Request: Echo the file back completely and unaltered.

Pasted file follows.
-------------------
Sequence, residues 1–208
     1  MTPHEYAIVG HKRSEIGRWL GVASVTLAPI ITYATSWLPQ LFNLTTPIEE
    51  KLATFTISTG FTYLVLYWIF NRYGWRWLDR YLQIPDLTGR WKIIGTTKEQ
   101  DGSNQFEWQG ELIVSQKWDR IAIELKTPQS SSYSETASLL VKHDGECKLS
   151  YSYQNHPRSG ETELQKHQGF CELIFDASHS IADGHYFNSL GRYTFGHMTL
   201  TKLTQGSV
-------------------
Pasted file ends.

Sequence, residues 1–208
     1  MTPHEYAIVG HKRSEIGRWL GVASVTLAPI ITYATSWLPQ LFNLTTPIEE
    51  KLATFTISTG FTYLVLYWIF NRYGWRWLDR YLQIPDLTGR WKIIGTTKEQ
   101  DGSNQFEWQG ELIVSQKWDR IAIELKTPQS SSYSETASLL VKHDGECKLS
   151  YSYQNHPRSG ETELQKHQGF CELIFDASHS IADGHYFNSL GRYTFGHMTL
   201  TKLTQGSV